The relationship between NAD and sirtuins seems to occur at three levels:
Sirtuins and aging
We can see from the figure below that these two little beauties are involved in cell NAD appears to decline in a number of organs ranging from the pancreas, adipose tissue, muscle, liver and our brain. As NAD declines and sirtuin activity consequently drops, this compromises the communication channels between organs, for example the hypothalamus and the liver. Studies have also found that:
Where to next with NAD, NR and sirtuins?
Studies have shown positive results when NAD intermediates and co-factors have been used to slow aging. Brenner (2016) found that NR increased NAD significantly, with more recent studies indicating that NR improved mitochondrial function, protein structure and stability in mitochondrial DNA (Khan et al., 2014). Studies have also shown positive effects of NR on insulin sensitivity, assisting in physical performance and Alzheimer’s via improved bio-availability of NAD to the brain as well as a protective effect on the brain (Chi and Sauve, 2013). Imai and Guarente (2016) note that supplementation with NAD and its intermediates (nicotinamide mononucleotide (NMN) and nicotinamide riboside (NR) which is produced by yeasts) maybe of interest in not only slowing aging but in prevention of age-related diseases.
Interestingly, if you look back over the research around NAD you’ll see that early studies were conducted on reduced caloric intake and the role this plays in NAD production (which seems is a positive one) and longevity. I mention this because if you are doing your own research and happen upon this, don’t be tempted to restrict your calories and think you’ll live longer. Caloric or energy sufficiency is also important in general health, consider, as you get older it may well be true we need to consume less energy, however many nutrients are required in greater amounts. The challenge then is to eat highly nutritious food to gain nutrient sufficiency without over consuming energy. That’s how you could interpret it through the science. Or perhaps is it to eat a highly nutritious diet that improves longevity factors to enables us to be physically active so we don’t have to worry so much about energy intake?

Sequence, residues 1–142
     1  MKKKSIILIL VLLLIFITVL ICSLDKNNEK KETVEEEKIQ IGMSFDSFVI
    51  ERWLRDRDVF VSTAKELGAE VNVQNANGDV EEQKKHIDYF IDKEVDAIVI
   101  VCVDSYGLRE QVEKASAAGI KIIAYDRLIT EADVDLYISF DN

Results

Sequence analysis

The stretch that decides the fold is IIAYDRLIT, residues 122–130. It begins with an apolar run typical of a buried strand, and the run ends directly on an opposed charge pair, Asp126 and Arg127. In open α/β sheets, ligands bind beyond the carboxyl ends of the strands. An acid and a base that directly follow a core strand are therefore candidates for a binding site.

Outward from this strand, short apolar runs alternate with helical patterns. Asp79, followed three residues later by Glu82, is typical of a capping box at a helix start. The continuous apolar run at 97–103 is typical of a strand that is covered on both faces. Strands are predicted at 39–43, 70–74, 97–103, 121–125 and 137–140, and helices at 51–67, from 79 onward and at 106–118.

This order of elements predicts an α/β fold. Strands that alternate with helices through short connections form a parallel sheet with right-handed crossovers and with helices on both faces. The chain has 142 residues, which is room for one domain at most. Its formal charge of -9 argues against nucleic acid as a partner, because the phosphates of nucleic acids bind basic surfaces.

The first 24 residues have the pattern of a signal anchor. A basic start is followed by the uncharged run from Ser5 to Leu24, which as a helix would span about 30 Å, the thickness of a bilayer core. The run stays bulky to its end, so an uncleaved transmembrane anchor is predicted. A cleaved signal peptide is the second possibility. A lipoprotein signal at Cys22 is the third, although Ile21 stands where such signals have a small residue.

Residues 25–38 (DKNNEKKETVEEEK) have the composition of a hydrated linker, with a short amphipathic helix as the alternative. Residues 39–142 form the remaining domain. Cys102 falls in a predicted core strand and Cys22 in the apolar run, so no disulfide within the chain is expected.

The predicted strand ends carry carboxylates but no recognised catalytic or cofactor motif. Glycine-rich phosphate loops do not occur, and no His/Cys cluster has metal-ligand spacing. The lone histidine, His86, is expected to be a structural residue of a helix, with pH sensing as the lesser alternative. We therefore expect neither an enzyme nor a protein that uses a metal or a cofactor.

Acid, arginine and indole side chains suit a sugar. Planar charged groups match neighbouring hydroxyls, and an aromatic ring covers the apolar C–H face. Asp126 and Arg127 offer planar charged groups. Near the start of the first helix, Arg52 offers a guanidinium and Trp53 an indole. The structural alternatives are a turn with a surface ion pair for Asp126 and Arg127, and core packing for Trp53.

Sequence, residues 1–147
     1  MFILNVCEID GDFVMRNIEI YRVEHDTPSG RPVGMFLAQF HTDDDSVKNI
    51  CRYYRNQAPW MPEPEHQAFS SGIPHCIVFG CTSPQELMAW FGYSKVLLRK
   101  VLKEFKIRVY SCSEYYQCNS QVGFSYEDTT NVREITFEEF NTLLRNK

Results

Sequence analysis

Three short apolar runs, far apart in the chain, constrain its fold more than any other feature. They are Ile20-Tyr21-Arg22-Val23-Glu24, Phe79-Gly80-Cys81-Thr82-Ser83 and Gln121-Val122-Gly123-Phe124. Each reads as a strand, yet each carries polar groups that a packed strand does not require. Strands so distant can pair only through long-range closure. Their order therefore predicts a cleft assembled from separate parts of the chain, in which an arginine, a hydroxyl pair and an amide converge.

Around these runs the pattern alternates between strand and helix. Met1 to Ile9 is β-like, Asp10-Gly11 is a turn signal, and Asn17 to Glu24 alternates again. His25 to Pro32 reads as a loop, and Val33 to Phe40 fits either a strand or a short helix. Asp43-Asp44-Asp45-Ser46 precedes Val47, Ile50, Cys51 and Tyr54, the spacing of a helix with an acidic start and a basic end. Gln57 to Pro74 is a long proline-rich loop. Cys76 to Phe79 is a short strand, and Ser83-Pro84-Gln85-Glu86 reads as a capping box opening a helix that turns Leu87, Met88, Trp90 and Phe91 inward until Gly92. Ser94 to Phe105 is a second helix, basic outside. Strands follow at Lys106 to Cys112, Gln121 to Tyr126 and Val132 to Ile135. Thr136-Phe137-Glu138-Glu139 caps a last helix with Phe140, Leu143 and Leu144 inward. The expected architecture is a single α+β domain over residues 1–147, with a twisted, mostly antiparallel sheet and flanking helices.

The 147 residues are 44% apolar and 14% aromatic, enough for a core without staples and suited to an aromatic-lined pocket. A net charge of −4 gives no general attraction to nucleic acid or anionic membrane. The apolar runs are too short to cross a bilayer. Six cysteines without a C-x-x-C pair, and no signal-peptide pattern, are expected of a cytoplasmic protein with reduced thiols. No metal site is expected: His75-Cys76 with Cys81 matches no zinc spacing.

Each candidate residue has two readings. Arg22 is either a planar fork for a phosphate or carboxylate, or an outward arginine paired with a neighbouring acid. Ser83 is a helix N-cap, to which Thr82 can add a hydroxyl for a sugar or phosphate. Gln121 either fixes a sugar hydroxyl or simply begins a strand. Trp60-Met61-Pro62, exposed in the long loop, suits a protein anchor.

A lesson from the Blue Zones
Seems the main pillars of a health-filled aging process is to eat a clean, nutrient-dense, largely plant-based diet (that includes herbs, beans, peas etc), have solid social structures and purpose, avoid eating to excess, it’s okay to enjoy a tipple (ideally of antioxidant rich wine), and enjoy some good ole fashion hard yacka. Remember, variety is not only the spice of life but a simple way to get your nutrient needs.
Words by Director of Cadence Health, Leanne Cooper
We all have a role to play in community health, the only question is how do we play this role? Through intelligent, evidence-based inquiry we can understand how to health coach to support others in taking on positive behaviour change.